Alison McGovern

Wirral South

Latest News

Alison is the Chair of the All Parliamentary Group for Syria. 

Following the government announcing that it will end the Dubs Scheme which called for more unaccompanied refugees to enter the UK Alison led a debate on this. She urged the government to re-open the scheme which was put forward by Labour Peer Lord Alfred Dubbs. Alison has received contact from her constituents asking her to put pressure on the government to think again about the closure of this scheme. The government has previously showed support for the Dubs scheme so their recent announcement has come as a big disappointment to those who support Lord Dub's amendment. 

You can read the full debate by clicking this link and you can watch the debate by clicking this link

Alison holds a debate urging the government to think again on ending the Dubs scheme and instead to commit to helping more unaccompanied refugees

Alison is the Chair of the All Parliamentary Group for Syria.  Following the government announcing that it will end the Dubs Scheme which called for more unaccompanied refugees to enter...

I recently visited Town Lane Primary School in Bebington to meet the children there, and hear about their views.

It was a pleasure to talk about my work in Wirral and the workings of Westminster with the children. My visit was in relation to the work the children have been doing on learning about the UN convention of Children’s rights.

Whilst obviously subjects such as English, Maths and Science are very important for a child’s education and development, these days children learn a lot about how our local area and how our country is run.  They learn about how they can make their opinions known and make a difference.

Some children I spoke to are members of the school council which provides a voice for them all. It allows the school council representatives to raise issues on behalf of the children at the school.

Children will be affected by decisions taken today and it is only right that at every opportunity that they should learn about how democracy works and be given a voice so as they get older they are a part of the political process.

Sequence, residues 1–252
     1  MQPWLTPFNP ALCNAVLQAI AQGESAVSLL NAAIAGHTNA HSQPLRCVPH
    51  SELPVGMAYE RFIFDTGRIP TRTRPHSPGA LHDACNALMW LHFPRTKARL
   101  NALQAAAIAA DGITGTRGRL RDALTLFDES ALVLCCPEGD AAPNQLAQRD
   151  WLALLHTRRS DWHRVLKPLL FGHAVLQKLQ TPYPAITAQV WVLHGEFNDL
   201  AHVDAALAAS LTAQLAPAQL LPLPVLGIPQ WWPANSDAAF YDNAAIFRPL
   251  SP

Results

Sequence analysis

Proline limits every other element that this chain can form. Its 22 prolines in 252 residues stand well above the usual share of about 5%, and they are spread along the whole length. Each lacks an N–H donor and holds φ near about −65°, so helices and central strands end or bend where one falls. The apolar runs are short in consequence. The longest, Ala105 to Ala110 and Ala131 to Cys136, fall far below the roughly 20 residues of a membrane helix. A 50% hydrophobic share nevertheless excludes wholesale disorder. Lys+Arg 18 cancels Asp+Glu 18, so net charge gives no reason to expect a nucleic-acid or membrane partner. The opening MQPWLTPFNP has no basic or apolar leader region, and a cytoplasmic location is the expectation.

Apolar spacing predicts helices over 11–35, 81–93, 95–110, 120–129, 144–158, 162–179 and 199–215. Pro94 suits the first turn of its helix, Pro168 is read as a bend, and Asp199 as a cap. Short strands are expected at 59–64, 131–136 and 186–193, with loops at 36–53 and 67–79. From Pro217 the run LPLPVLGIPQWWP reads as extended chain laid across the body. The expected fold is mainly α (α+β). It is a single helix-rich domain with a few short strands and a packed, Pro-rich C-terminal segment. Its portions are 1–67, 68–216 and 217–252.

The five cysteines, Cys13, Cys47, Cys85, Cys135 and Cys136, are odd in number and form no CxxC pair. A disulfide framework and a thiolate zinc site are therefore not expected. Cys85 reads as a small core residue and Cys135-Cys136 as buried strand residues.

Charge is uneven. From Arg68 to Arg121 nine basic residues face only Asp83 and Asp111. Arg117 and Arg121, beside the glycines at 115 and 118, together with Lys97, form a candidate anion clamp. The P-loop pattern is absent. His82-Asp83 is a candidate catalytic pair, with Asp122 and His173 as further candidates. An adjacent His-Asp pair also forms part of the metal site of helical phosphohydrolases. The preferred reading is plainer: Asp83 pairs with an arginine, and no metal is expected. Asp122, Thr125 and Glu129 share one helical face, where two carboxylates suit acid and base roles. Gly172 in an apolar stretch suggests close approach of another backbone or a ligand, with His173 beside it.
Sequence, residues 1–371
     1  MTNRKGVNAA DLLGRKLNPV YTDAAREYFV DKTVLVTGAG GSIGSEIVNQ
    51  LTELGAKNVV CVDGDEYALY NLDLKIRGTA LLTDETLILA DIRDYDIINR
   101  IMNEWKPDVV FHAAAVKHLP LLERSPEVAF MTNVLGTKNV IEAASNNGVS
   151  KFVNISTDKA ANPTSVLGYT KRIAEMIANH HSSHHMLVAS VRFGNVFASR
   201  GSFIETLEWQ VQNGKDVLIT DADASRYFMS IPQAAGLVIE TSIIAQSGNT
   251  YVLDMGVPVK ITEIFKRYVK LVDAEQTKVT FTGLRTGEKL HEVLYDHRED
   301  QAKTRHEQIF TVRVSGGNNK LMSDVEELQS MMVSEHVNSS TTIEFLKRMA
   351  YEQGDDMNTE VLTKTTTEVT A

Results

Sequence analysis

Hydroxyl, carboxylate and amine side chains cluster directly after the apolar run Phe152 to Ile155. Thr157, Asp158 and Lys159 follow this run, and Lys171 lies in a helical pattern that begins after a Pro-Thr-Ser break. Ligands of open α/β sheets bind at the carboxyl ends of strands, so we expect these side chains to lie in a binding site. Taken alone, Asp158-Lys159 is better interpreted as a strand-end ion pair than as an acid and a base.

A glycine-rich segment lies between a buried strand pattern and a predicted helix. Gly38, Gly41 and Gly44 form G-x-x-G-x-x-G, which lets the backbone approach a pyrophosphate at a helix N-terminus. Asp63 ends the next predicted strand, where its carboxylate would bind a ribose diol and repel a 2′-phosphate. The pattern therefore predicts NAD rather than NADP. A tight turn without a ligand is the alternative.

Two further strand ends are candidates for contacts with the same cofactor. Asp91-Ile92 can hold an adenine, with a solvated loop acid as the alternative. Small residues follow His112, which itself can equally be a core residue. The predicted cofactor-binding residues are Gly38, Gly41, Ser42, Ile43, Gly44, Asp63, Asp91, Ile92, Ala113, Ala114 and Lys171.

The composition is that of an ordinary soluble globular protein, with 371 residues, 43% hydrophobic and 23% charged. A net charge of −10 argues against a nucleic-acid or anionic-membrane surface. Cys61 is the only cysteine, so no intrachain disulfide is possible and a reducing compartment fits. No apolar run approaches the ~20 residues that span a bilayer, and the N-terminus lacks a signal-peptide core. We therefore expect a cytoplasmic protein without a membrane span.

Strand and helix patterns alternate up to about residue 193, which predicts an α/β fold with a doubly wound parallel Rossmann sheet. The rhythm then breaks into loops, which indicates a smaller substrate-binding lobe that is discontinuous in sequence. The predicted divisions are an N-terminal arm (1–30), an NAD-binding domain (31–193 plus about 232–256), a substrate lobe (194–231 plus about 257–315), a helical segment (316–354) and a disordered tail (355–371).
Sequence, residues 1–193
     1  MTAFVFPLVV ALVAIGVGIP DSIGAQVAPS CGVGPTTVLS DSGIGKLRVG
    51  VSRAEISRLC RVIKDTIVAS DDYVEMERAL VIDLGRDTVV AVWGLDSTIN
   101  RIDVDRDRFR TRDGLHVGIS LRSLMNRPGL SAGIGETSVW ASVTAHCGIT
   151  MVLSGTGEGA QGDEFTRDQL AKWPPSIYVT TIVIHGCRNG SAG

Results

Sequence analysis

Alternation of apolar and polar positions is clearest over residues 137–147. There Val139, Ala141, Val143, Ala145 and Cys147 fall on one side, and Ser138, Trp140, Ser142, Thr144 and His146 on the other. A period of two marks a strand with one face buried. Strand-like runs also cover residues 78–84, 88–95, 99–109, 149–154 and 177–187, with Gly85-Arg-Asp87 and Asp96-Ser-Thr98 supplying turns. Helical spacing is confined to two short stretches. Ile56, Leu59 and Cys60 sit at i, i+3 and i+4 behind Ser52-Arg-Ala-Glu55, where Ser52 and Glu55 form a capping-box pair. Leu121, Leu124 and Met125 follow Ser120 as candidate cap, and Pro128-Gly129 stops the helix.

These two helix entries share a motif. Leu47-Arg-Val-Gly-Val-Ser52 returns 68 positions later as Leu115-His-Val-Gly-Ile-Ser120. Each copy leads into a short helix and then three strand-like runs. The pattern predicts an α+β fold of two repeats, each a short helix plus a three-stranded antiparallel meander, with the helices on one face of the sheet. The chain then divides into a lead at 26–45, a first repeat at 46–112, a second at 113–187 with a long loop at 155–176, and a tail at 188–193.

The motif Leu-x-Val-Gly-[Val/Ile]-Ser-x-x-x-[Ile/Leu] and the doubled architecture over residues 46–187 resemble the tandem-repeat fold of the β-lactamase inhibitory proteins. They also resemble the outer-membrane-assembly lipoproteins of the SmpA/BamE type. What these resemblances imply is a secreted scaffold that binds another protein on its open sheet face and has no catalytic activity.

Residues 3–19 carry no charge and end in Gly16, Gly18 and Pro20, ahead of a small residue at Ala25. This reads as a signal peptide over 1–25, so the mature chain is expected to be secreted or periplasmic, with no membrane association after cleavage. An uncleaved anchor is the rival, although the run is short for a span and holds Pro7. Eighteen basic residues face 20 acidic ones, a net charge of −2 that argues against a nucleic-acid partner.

I played an interactive game with the children in which they become the government and the opposition. Once they had their roles they would debate an issue and then vote on it.

I really enjoyed visiting and if other primary schools in my constituency would like me to come and talk about politics with pupils and play the House of Commons game then I would be happy to do so.

Just contact my office to arrange a visit.

Great to talk politics with Town Lane pupils

I recently visited Town Lane Primary School in Bebington to meet the children there, and hear about their views. It was a pleasure to talk about my work in Wirral...

Alison McGovern MP encourages organisations in Wirral South to apply for a grant to commemorate the First World War

The Heritage Lottery Fund is making £2million of grants available for communities to mark the First World War but Wirral South is yet to receive money to form a project which would explore, conserve and share local heritage of what is otherwise known as the Great War.

Alison McGovern MP for the area is now urging organisations in her constituency to apply for a grant. The grants available range between £3,000 and £10,000.

Thanks to funding from the Heritage Lottery Fund there are now 1.620 First World War projects taking place across the UK.

Speaking of the importance of  marking the First World War centenary Alison McGovern said “All of us have ancestors who would have lived through the First World War which affected people all over the world and it is so important for our future generations to discover and learn more about the historic event which has shaped the world we live in today. It is a huge part of everybody’s history. Wilfred Owen, who lived in Birkenhead, was a leading poet during the First World War so Wirral has many interesting connections. I wouldn’t like to see Wirral South miss out and I would encourage people to apply.”

So far 83% of constituencies have been reached but the Heritage Lottery fund is striving to reach out to all UK constituencies.

If you have an idea for a project you can find out more applying for funding at www.hlf.org.uk